Mediation, Walrasian Tâtonnement, and Negotiations as an Exchange Economy
AbstractAlternative dispute resolution (ADR) procedures, such as mediation and arbitration, are becoming increasingly used to help resolve disputes in a variety of areas. Among ADR procedures, mediation is the most utilized yet least analyzed procedure. This article examines negotiations and dispute resolution using the tools of general equilibrium theory. Specifically, mediators function as the Walrasian auctioneers of exchange theory by altering trade-off rates among bargaining issues. In this way, mediators facilitate a process leading towards voluntary settlements. This idea of Walrasian mediation is supported by the literature on mediation and mediator techniques, and so this insight opens up mediation to much more rigorous economic analysis. Among the implications of this approach are: (1) successful mediation leads to Pareto efficient settlements; (2) non-neutral mediators can guide negotiators towards preferred outcomes by introducing resources into mediation; (3) mediation Pareto dominates arbitration for resolving disputes.
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Bibliographic InfoPaper provided by Utah State University, Department of Economics in its series Working Papers with number 2003-11.
Length: 25 pages
Date of creation: Sep 2003
Date of revision:
mediation; dispute resolution; exchange economy;
Other versions of this item:
- David Dickinson, 2005. "Mediation, Walrasian Tatonement, and Negotiations as an Exchange Economy," Working Papers 05-05, Department of Economics, Appalachian State University.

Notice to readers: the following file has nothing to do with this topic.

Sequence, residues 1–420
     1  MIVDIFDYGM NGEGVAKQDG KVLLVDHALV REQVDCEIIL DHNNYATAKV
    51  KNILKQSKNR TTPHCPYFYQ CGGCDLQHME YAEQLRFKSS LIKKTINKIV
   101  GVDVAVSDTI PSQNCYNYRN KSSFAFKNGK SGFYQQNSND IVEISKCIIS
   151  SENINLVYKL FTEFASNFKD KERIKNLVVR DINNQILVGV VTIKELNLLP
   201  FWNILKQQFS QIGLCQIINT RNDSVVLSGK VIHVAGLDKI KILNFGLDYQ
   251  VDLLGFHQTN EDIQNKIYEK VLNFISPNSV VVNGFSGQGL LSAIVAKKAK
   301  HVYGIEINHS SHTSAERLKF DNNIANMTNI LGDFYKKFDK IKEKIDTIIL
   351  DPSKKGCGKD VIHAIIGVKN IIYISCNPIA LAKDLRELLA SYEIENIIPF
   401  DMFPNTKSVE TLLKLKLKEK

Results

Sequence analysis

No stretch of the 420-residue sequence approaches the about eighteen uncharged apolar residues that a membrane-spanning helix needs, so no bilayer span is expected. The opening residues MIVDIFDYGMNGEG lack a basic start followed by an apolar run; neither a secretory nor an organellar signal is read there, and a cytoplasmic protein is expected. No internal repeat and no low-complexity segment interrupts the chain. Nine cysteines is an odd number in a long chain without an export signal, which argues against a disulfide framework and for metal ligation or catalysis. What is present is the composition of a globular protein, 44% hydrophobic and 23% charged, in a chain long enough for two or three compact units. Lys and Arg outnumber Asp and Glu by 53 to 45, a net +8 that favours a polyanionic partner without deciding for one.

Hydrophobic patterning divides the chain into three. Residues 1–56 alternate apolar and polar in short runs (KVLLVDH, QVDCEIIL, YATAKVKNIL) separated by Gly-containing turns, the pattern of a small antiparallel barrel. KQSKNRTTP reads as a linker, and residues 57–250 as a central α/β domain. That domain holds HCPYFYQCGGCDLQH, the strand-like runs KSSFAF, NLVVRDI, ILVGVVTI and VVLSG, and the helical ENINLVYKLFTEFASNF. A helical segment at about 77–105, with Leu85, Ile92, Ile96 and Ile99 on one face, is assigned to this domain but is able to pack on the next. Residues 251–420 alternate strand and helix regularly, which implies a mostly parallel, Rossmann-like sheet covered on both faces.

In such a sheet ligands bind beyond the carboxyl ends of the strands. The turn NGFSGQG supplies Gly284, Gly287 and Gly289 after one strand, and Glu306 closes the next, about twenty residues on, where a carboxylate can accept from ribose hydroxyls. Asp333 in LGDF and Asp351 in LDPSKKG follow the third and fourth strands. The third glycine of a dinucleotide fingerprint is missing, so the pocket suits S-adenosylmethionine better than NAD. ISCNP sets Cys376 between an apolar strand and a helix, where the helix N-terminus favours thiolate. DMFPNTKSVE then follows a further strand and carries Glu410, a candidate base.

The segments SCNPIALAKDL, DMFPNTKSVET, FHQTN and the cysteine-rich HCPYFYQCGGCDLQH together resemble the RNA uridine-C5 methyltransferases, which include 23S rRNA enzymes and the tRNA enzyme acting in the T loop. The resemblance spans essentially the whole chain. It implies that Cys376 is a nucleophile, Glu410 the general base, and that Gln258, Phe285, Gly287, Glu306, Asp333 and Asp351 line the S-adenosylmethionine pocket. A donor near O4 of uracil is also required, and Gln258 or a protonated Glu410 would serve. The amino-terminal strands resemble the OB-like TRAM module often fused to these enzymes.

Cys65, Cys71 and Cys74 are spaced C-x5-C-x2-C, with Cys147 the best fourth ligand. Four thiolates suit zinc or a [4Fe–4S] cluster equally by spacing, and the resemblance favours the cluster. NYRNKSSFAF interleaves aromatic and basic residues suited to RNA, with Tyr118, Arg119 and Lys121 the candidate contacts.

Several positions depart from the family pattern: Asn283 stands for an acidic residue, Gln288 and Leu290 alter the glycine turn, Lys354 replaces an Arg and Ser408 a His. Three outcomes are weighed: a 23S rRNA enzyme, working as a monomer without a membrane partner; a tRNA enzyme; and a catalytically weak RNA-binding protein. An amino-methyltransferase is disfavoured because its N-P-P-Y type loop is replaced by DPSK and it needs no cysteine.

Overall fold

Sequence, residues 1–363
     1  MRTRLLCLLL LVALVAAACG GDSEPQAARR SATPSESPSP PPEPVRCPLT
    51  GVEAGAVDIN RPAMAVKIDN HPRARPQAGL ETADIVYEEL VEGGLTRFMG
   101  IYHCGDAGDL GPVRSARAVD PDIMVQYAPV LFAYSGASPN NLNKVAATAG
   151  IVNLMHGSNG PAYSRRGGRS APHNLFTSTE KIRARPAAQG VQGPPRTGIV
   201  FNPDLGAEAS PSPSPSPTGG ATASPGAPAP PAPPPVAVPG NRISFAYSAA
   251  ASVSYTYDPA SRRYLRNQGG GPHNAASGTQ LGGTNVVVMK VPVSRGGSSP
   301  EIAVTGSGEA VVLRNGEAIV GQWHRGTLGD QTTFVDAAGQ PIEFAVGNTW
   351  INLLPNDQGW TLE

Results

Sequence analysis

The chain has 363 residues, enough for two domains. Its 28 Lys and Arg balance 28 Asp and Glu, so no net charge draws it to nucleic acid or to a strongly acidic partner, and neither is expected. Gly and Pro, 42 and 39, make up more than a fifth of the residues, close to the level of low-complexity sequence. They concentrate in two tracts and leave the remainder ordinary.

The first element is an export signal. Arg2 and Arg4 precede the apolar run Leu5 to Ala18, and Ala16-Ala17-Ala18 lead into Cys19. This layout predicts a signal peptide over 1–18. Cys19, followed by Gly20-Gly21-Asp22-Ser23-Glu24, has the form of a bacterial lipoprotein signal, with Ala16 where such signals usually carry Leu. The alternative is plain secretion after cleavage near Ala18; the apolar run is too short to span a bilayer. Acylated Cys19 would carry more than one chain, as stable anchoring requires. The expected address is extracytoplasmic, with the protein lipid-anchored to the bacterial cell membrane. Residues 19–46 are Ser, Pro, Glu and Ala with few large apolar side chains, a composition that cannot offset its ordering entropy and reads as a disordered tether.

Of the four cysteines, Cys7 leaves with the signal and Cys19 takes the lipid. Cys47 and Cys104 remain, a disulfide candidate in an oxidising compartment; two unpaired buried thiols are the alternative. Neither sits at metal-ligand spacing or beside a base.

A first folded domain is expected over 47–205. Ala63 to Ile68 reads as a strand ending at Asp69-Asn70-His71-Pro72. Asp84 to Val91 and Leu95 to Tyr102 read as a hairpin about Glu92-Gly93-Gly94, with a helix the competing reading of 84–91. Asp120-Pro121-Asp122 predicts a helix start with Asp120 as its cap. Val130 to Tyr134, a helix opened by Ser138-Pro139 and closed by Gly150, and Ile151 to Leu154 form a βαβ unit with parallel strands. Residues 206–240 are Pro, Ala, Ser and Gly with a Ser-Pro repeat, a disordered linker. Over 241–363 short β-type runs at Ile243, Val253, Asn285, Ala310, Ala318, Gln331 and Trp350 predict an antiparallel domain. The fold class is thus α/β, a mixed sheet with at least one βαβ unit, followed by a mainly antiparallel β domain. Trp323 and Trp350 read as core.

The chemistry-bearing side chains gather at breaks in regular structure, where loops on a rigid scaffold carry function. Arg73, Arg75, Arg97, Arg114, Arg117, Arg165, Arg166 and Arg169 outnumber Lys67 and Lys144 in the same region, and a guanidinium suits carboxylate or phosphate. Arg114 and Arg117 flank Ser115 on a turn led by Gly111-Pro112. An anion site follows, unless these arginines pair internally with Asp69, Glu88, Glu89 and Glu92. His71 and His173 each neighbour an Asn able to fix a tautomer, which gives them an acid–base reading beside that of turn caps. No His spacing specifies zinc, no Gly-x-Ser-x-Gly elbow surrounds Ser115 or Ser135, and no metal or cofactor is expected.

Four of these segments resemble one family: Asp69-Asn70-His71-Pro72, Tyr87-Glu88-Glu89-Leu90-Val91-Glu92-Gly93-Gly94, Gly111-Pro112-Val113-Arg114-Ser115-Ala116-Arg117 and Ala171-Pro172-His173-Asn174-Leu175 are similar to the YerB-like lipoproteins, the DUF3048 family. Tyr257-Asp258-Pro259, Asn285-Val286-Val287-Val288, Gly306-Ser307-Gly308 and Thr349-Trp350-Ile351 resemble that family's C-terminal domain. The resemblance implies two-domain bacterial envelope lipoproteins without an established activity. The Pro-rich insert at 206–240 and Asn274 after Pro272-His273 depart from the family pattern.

- J52 - Labor and Demographic Economics - - Labor-Management Relations, Trade Unions, and Collective Bargaining - - - Dispute Resolution: Strikes, Arbitration, and Mediation
- D51 - Microeconomics - - General Equilibrium and Disequilibrium - - - Exchange and Production Economies
Please report citation or reference errors to , or , if you are the registered author of the cited work, log in to your RePEc Author Service profile, click on "citations" and make appropriate adjustments.:
- Orley Ashenfelter & David E. Bloom, 1983. "Models of Arbitrator Behavior: Theory and Evidence," NBER Working Papers 1149, National Bureau of Economic Research, Inc.
- Ariel Rubinstein, 2010.
"Perfect Equilibrium in a Bargaining Model,"
Levine's Working Paper Archive
252, David K. Levine.
- repec:pri:indrel:526 is not listed on IDEAS
- Henry S. Farber, 1981. "Splitting-the-difference in interest arbitration," Industrial and Labor Relations Review, ILR Review, Cornell University, ILR School, vol. 35(1), pages 70-77, October.
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